The Anatomy of a Gas Grill
Your steaks won’t be sizzling this summer if your gas grill’s on the fritz. Use this guide to identify parts and problems and keep it firing up just like new.
If flames burn unevenly or burner doesn’t light, clean portholes with wire brush.
Look for dark blue center that transitions to light blue with occasional yellow tip. If pattern is off or flames are all yellow, turn off burners and clean portholes with wire brush. If abnormal color persists, remove tubes and ream out with stiff wire.
Prevent bugs from nesting in burner tubes. If flames are yellow and you smell gas, clean screens with soft-bristle brush. Clean yearly.
Guards tubes from food drips.
Always wait until tank valve is open before turning on, or regulator may go into mode that restricts gas flow for safety.
Creates spark, which lights gas. If switch doesn’t light burner but matches do, check for loose wires, change battery (on some models), or replace switch assembly.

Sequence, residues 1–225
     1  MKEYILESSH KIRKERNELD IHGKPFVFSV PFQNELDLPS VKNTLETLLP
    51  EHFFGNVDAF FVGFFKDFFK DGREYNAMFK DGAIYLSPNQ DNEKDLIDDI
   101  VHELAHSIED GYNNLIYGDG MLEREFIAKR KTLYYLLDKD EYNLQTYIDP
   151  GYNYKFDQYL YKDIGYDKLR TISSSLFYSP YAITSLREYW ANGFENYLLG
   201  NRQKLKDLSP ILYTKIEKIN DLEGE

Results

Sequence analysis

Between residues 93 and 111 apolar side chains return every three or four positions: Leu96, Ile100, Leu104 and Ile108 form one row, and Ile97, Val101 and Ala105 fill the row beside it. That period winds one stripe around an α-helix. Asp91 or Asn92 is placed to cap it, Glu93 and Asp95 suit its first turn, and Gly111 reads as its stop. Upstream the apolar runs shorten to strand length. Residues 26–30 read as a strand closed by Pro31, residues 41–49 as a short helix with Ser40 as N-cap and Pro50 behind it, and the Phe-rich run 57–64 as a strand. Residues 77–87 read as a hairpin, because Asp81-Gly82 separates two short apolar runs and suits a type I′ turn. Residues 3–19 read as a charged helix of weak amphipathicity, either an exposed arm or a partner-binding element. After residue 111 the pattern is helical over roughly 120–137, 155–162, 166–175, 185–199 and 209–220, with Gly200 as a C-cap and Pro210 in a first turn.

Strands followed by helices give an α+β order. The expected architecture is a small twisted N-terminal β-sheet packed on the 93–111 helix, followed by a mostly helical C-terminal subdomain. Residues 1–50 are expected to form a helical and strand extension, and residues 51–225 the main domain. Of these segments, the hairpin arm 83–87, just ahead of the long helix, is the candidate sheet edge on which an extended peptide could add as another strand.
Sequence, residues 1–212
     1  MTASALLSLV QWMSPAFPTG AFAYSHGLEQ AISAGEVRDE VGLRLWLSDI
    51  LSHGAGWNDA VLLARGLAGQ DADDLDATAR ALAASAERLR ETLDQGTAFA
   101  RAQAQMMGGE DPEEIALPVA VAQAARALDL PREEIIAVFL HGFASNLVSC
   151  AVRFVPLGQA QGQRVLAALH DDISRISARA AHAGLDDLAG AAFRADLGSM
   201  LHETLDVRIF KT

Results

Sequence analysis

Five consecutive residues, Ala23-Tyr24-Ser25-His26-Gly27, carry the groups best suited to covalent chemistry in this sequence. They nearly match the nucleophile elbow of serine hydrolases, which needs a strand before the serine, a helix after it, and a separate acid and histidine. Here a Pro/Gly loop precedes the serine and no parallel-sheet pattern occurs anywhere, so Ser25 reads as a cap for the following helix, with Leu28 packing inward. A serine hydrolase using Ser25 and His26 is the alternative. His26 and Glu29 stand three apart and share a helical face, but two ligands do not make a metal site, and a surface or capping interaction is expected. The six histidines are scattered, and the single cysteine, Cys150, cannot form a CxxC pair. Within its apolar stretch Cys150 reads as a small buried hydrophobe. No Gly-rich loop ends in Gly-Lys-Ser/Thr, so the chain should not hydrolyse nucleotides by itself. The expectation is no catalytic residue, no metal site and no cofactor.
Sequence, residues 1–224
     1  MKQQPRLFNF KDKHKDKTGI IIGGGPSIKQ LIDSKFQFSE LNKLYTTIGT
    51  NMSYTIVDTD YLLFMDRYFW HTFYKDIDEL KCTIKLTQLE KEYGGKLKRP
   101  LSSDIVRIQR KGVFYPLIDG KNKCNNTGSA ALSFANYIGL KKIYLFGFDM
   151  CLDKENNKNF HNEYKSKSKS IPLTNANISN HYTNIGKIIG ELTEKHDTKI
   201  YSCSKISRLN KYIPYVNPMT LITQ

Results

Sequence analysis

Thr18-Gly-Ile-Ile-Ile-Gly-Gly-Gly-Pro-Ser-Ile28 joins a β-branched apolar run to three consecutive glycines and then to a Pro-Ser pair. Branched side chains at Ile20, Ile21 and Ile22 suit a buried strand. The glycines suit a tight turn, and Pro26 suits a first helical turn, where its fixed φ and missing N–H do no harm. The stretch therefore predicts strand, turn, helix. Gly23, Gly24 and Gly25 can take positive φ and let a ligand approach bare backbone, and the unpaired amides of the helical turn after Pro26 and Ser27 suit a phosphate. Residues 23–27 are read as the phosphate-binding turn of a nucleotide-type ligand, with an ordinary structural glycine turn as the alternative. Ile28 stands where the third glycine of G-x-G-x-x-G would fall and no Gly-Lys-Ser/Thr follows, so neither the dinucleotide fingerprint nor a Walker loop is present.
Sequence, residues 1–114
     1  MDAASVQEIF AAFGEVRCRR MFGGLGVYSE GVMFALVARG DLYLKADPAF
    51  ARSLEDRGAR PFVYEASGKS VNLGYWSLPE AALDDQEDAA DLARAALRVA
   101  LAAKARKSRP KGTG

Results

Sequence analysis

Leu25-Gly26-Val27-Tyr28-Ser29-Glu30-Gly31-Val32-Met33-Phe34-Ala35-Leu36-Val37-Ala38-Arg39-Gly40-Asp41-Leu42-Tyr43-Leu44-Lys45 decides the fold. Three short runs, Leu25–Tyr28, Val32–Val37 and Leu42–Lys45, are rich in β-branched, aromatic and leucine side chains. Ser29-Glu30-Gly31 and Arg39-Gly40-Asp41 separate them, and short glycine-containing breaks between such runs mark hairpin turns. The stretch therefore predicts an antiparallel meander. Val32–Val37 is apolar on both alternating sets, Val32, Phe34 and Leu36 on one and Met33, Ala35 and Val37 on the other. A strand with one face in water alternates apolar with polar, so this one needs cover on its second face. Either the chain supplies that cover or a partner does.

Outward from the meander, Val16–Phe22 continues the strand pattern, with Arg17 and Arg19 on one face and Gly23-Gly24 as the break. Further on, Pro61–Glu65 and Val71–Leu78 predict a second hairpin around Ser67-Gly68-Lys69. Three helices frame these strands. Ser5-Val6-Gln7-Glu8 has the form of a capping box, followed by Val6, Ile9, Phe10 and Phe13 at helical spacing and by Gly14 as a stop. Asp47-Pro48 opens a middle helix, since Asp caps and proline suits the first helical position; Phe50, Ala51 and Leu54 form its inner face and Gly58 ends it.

Distributes gas to burner tubes.
If burner doesn’t light or flame is low, look for kink or check for leak at connection points. If leak is in hose, replace it.
If you smell gas or tank runs out after only a few uses, apply soapy water to valve base and tank seams. If solution bubbles, there’s a leak; stand back and call fire department. Check for leaks every time you change tank.
Controls gas flow from tank. If flames flicker and grill doesn’t get hot, regulator may be in low-flow safety mode. Close tank valve, turn off knobs, detach regulator, and turn knobs to high. Wait 1 minute, shut off knobs, and reconnect regulator. Slowly open valve.